Related symptoms:

  • Hearing impairment
  • Ataxia
  • Sensorineural hearing impairment
  • Muscle weakness
  • Ptosis


SOURCES: OMIM MENDELIAN

More info about FRONTOTEMPORAL DEMENTIA AND/OR AMYOTROPHIC LATERAL SCLEROSIS 2; FTDALS2

Medium match EPILEPTIC ENCEPHALOPATHY, EARLY INFANTILE, 18; EIEE18


Early infantile epileptic encephalopathy-18 is a severe autosomal recessive neurologic disorder characterized by lack of psychomotor development apparent from birth, dysmorphic facial features, early onset of refractory seizures, and thick corpus callosum and persistent cavum septum pellucidum on brain imaging (summary by Basel-Vanagaite et al., 2013).For a general phenotypic description and a discussion of genetic heterogeneity of EIEE, see EIEE1 (OMIM ).

Related symptoms:

  • Seizures
  • Global developmental delay
  • Generalized hypotonia
  • Abnormal facial shape
  • Ptosis


SOURCES: OMIM ORPHANET MENDELIAN

More info about EPILEPTIC ENCEPHALOPATHY, EARLY INFANTILE, 18; EIEE18

Medium match MYOPATHY, TUBULAR AGGREGATE, 1; TAM1


Tubular aggregates in muscle, first described by Engel (1964), are structures of variable appearance consisting of an outer tubule containing either one or more microtubule-like structures or amorphous material. They are a nonspecific pathologic finding that may occur in a variety of circumstances, including alcohol- and drug-induced myopathies, exercise-induced cramps or muscle weakness, and inherited myopathies. Tubular aggregates are derived from the sarcoplasmic reticulum (Salviati et al., 1985) and are believed to represent an adaptive mechanism aimed at regulating an increased intracellular level of calcium in order to prevent the muscle fibers from hypercontraction and necrosis (Martin et al., 1997; Muller et al., 2001). Genetic Heterogeneity of Tubular Aggregate MyopathySee also TAM2 (OMIM ), caused by mutation in the ORAI1 gene (OMIM ) on chromosome 12q24.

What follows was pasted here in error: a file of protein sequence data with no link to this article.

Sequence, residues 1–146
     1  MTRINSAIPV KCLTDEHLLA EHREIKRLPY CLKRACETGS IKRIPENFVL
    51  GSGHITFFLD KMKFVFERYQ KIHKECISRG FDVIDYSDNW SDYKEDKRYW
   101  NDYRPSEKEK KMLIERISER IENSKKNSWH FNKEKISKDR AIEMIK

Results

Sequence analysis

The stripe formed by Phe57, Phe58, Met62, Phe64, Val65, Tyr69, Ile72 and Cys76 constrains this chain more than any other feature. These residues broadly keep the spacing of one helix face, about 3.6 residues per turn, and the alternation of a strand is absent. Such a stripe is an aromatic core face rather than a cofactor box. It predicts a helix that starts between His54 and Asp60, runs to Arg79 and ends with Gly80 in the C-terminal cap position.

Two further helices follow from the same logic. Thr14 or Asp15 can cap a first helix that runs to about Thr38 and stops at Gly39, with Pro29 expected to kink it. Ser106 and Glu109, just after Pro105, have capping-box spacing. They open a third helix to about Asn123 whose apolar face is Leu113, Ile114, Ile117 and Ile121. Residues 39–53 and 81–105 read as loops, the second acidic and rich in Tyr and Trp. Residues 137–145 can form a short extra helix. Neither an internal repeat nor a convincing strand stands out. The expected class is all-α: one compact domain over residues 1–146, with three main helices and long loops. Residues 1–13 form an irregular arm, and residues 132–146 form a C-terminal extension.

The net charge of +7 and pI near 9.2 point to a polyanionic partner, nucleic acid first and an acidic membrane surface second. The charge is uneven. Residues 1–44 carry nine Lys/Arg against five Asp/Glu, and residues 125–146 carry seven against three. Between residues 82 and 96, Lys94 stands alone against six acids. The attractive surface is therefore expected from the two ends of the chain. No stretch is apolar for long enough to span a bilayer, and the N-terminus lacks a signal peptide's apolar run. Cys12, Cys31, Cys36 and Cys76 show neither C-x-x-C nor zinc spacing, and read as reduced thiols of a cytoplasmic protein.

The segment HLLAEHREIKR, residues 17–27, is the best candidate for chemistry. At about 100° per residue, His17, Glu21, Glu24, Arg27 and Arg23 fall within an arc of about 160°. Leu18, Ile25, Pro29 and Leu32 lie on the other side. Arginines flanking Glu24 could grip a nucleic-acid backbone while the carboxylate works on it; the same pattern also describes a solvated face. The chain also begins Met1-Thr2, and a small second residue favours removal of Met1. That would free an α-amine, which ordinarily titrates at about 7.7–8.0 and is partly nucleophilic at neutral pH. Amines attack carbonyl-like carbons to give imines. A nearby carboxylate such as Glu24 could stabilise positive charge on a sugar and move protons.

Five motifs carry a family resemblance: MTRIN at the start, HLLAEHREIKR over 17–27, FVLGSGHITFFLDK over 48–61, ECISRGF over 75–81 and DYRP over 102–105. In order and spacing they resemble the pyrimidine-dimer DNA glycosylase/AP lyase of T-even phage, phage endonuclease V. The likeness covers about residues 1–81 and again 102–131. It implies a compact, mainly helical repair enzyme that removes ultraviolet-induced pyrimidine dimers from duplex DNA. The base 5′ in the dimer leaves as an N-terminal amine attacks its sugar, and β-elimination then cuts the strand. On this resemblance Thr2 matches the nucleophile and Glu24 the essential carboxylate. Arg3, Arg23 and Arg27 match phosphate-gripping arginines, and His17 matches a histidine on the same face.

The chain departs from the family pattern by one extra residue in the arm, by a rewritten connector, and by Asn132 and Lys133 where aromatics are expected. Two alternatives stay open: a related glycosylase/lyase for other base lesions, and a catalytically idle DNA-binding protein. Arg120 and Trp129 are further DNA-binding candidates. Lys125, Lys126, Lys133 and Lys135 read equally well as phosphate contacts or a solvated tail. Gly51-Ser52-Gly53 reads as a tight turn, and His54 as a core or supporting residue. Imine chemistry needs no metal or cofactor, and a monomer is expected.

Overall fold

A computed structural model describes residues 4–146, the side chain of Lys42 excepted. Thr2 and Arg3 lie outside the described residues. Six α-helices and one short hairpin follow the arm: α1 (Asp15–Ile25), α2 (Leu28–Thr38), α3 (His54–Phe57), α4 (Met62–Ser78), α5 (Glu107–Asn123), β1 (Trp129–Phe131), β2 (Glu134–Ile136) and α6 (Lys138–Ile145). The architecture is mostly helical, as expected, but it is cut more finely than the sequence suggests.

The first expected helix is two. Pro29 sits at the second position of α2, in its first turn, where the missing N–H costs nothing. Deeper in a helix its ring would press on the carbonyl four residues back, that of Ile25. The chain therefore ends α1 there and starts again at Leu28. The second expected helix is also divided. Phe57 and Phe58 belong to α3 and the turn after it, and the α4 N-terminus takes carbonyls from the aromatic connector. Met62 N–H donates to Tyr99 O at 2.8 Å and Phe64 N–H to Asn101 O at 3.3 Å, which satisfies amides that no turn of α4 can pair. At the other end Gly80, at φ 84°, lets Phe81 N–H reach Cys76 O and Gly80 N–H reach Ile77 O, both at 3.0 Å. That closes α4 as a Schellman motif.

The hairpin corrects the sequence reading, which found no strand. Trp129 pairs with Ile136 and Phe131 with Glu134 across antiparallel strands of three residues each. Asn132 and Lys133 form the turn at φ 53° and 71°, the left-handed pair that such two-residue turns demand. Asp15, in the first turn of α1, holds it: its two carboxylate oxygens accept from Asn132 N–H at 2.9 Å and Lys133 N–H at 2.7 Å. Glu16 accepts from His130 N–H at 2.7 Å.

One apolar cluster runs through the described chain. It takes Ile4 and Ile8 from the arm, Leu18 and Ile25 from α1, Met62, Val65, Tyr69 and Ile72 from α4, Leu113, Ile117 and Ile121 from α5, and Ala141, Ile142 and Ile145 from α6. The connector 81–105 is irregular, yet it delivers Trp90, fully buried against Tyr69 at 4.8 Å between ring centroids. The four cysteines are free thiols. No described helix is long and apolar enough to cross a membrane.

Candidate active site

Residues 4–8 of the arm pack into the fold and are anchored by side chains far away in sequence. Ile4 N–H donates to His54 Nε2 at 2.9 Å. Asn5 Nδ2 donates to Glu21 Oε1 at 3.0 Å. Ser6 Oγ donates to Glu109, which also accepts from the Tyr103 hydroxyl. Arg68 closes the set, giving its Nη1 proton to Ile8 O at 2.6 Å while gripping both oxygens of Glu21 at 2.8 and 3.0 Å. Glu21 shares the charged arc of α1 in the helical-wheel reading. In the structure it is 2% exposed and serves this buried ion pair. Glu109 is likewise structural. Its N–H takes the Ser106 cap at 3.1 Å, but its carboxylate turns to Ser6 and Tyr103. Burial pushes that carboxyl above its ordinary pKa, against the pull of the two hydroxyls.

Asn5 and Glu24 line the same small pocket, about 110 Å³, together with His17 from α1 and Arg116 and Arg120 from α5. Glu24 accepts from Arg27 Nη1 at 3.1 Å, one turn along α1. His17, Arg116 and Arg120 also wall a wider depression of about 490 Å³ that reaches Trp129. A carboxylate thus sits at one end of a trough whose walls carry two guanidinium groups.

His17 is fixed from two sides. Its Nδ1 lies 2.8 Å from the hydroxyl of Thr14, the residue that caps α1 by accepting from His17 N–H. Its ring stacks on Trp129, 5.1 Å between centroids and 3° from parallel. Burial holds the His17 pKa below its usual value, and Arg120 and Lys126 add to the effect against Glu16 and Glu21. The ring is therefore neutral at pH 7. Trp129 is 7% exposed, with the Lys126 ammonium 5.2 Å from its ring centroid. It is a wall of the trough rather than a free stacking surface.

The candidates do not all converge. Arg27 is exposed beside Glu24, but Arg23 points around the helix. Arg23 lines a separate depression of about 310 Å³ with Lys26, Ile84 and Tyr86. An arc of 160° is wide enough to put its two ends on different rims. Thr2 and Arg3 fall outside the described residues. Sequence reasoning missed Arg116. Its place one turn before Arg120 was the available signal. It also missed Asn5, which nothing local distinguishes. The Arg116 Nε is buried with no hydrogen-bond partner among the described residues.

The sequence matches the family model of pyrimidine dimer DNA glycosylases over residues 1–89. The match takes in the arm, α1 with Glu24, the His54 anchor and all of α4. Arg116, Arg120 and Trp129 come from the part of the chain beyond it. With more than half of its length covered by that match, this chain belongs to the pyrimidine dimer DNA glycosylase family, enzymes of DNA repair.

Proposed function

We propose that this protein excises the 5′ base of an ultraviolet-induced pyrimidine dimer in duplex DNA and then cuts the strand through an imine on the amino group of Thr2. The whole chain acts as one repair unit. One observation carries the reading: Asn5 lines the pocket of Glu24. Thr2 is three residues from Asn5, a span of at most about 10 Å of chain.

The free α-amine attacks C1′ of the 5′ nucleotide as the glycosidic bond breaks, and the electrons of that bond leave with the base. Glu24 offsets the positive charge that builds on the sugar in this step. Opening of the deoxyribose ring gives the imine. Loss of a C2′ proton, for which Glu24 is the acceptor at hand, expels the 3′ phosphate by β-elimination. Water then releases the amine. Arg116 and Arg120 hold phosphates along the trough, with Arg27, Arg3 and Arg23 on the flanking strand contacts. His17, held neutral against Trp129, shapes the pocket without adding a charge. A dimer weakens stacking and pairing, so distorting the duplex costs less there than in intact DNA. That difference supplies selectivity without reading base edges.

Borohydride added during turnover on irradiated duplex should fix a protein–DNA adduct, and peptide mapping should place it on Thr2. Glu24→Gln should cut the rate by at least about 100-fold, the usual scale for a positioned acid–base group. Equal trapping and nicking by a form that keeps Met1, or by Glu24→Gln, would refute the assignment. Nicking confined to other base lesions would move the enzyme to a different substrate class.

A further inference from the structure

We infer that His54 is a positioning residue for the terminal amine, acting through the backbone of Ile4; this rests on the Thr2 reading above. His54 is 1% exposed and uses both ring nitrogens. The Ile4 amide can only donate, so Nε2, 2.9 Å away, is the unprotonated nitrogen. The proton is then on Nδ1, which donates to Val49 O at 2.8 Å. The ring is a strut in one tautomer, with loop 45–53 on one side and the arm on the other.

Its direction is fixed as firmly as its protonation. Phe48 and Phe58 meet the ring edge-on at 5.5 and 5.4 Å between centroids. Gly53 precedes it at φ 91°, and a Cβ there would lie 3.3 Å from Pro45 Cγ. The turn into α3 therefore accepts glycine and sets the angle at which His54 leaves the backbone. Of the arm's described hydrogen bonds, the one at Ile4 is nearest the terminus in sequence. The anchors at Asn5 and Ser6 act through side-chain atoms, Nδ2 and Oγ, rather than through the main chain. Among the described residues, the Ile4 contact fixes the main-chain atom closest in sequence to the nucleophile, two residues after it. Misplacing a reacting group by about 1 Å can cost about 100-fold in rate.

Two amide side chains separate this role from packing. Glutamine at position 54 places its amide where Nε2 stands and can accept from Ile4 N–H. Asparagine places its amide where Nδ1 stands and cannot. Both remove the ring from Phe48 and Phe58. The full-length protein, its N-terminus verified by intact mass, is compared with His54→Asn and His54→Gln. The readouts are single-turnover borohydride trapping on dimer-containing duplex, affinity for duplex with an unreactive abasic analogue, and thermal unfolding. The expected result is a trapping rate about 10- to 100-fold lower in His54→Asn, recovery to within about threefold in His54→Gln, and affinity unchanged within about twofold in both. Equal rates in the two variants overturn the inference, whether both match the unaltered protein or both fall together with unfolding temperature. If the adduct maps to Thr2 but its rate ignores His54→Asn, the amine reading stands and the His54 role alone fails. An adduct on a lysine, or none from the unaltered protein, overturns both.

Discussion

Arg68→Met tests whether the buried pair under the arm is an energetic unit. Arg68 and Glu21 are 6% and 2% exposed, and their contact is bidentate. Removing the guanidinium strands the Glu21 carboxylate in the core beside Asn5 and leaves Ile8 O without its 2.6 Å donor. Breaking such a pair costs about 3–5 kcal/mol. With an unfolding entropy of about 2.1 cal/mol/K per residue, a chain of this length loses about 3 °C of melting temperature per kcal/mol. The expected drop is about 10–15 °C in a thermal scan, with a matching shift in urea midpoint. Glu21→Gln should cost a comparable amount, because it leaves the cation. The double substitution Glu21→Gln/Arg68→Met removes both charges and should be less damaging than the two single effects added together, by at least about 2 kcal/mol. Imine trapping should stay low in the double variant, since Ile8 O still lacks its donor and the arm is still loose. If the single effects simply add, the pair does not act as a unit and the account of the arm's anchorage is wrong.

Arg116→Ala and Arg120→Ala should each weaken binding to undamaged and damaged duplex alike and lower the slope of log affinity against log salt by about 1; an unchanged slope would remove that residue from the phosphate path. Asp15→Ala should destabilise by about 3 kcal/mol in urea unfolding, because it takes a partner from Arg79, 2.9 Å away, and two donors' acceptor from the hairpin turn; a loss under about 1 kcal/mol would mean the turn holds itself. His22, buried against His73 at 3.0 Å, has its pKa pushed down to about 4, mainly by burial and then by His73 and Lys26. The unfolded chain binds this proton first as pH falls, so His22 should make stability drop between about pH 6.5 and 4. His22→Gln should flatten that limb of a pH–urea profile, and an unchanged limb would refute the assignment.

MYOPATHY, TUBULAR AGGREGATE, 1; TAM1 Is also known as tubular aggregate myopathy|myopathy, tubular aggregate|tam

Related symptoms:

  • Muscle weakness
  • Ptosis
  • Flexion contracture
  • Dysarthria
  • Fatigue


SOURCES: OMIM MENDELIAN

More info about MYOPATHY, TUBULAR AGGREGATE, 1; TAM1

Medium match CORTICAL DYSPLASIA-FOCAL EPILEPSY SYNDROME


Cortical dysplasia-focal epilepsy syndrome is a rare genetic epilepsy characterized by relatively large head circumference or macrocephaly, diminished or absent deep-tendon reflexes and mild gross motor delay in infancy, followed by intractable focal seizures with language regression, behavioral abnormalities (hyperactivity, attention deficit, aggressive/autoaggressive behavior, autistic features) and intellectual disability later in life.